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Jakarta Post

Standardization, doctors' support key to developing herbal medicine sector: Webinar

  • Yunindita Prasidya

    The Jakarta Post

Jakarta   /   Wed, November 11, 2020   /   04:03 pm
Standardization, doctors' support key to developing herbal medicine sector: Webinar Herbal medicines have long been used to treat ailments and health conditions in Indonesia. (Shutterstock/Fecundap stock)

As the government calls for developing the herbal medicine sector, officials and scientists have both highlighted the need to gain the support of the medical community and to standardize certification for herbal medicines derived from Indonesia’s wide variety of endemic plant species.

Research and Technology Minister Bambang Brodjonegoro said that the government had declared the development of Indonesian modern medicine (OMAI) as a national research priority in its pursuit of a self-sufficient health system, which rose to the forefront with the emergence of the coronavirus pandemic. However, he said, more needed to be done to expand product adoption.

“We have realized that, indeed, we need the support of doctors and hospital heads. This is a major [issue] because the [primary] users, in this case, doctors, are not yet confident or accustomed to prescribing these medicines to their patients,” Bambang said during a webinar hosted by tempo.co last Friday.

The minister explained that the healthcare system was currently dominated by pharmaceutical medicines that were the major focus of large drug manufacturers, while herbal medicines created from natural ingredients had yet to receive the same level of research and investment.

“This is a vicious cycle that must be broken,” he said.

Bambang said that companies generally thought twice about investing in research and development of OMAI because they were uncertain whether there was a market for the products. On the other hand, Indonesia possessed the high biodiversity that was necessary to support a herbal medicine sector.

Indonesia has long relied on imports to support its pharmaceutical industry, importing up to 90 percent of medicines and raw materials from other countries, including China and India. Government officials and industry players have highlighted Indonesia’s import dependency as a major problem, particularly after the global supply chain was disrupted as an impact of the pandemic.

President Joko “Jokowi” Widodo recently called for complete reform of the national health system, stressing that self-sufficiency in the pharmaceutical and medical equipment industries was a shared priority for all stakeholders amid the public health crisis.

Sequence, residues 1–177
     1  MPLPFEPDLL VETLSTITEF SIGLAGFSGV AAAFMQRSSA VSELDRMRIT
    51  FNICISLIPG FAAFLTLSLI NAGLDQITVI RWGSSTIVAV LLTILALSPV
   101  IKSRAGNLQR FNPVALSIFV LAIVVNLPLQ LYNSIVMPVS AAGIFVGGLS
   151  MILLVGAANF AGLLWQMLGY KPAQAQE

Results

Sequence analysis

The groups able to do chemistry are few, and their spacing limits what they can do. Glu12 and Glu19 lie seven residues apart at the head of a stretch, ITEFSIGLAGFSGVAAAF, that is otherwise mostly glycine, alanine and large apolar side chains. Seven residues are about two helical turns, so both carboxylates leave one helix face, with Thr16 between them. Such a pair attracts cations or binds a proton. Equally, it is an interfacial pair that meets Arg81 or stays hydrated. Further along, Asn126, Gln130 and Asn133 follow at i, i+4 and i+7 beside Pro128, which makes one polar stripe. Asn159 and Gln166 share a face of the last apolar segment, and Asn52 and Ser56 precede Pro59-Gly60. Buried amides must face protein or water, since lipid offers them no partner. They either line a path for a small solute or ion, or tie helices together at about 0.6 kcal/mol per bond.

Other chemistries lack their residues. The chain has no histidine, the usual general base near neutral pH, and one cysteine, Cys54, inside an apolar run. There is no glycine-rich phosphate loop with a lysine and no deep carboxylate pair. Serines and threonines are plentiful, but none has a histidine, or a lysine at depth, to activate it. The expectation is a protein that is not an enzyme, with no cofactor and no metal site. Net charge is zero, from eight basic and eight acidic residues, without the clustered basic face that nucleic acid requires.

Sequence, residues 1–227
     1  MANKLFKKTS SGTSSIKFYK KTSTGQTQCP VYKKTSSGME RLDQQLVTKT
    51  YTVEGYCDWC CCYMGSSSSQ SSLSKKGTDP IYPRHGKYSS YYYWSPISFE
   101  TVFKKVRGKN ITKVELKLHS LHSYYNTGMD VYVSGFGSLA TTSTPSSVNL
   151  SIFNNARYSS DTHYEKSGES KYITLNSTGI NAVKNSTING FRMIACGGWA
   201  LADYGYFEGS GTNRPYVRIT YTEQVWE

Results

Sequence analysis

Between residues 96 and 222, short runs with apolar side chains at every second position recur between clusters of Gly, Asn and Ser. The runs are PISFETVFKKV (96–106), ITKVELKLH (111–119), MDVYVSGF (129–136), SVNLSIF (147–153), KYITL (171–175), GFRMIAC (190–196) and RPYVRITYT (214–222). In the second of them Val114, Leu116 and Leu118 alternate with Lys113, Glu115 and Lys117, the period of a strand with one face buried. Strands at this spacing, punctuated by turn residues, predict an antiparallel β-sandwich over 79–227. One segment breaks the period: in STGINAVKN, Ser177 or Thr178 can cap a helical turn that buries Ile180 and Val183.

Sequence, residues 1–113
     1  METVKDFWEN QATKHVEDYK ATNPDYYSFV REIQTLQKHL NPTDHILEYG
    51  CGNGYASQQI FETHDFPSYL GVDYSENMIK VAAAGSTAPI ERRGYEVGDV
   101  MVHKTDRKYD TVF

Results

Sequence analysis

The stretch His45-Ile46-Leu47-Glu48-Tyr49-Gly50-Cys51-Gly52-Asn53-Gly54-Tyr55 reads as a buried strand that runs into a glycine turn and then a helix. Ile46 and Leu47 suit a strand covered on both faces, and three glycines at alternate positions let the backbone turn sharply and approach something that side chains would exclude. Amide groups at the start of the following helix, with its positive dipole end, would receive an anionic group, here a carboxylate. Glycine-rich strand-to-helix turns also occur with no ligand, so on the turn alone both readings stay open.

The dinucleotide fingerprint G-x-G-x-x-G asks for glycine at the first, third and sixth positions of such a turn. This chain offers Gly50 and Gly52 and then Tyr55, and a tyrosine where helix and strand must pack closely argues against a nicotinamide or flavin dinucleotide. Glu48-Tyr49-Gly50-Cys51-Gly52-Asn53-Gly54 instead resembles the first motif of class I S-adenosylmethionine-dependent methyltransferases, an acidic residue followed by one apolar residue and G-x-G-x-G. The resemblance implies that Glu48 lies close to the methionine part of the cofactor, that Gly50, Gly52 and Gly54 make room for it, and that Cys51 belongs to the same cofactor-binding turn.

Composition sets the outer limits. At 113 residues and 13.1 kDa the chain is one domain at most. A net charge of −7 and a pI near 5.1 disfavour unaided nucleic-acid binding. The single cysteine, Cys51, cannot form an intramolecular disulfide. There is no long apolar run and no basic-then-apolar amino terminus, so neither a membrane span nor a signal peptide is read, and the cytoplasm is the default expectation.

“We know that around 90 percent of medicines and [pharmaceutical] raw materials still rely on imports, even though our country has rich biodiversity both on land and in the ocean,” the President said last Thursday in a national meeting with the Indonesian Pharmacists Association. 

“Indonesia’s abundant natural resources must serve as basic capital for reviving the domestic pharmaceutical industry. Biodiversity can be used to strengthen community resilience in the health sector,” Jokowi said. 

The President also urged clinical trials and standardization for the use of phytopharmaceuticals as alternative medicines and therapies. 

Phytopharmaceuticals are manufactured drugs that contain pure active substances extracted from plants and parts of plants.

To address the lack of confidence in Indonesian herbal medicines, experts have called for OMAI to be listed among the approved drugs of the national health insurance (JKN). This would not only accelerate the development of OMAI, but would also position OMAI on a par with pharmaceuticals.

Dita Novianti Sugandi Argadiredja, the pharmaceutical services director at the Health Ministry, said that existing regulations permitted this approach, but that the inclusion of OMAI on the national formulary would require recommendations from medical professionals.

The national formulary lists the medicines that have been approved for prescribing under the national health insurance program.

“There is already a platform that facilitates this. It is up to the doctors to use it, and the requirements are not [stringent],” Dita said at Friday’s webinar. “How do medicines enter the national formulary? It starts with a suggestion from hospitals, professional organizations, backed by supporting data,” she said.

According to the founder of the Indonesian Herbal Medicine Doctors Society (PDHMI), Hardhi Pranata, the lack of a medication competency certificate for herbal medicines was one reason why doctors shied away from prescribing OMAI.

“In medical education, there is no certification for competency [in prescribing OMAI],” Hardhi said. Offering this certification would help increase awareness of medicinal alternatives among doctors and therefore increase their interest in using herbal medicines.

Executive director Raymond R. Tjandrawinata of the Dexa Laboratories of Biomolecular Sciences, a subsidiary of PT Dexa Medica that specializes in the research and development of medicines derived from locally sourced ingredients, also stressed that wider adoption of OMAI among Indonesian doctors was necessary to develop the herbal medicine sector.

“We need to recruit more doctors [to using OMAI] so these herbal medicines gain the same recognition as [pharmaceutical] ones,” Raymond said.

He added that Indonesia trailed behind South Korea, China and Germany, where 25 percent to 50 percent of doctors actively prescribed herbal medicines for therapeutic treatment.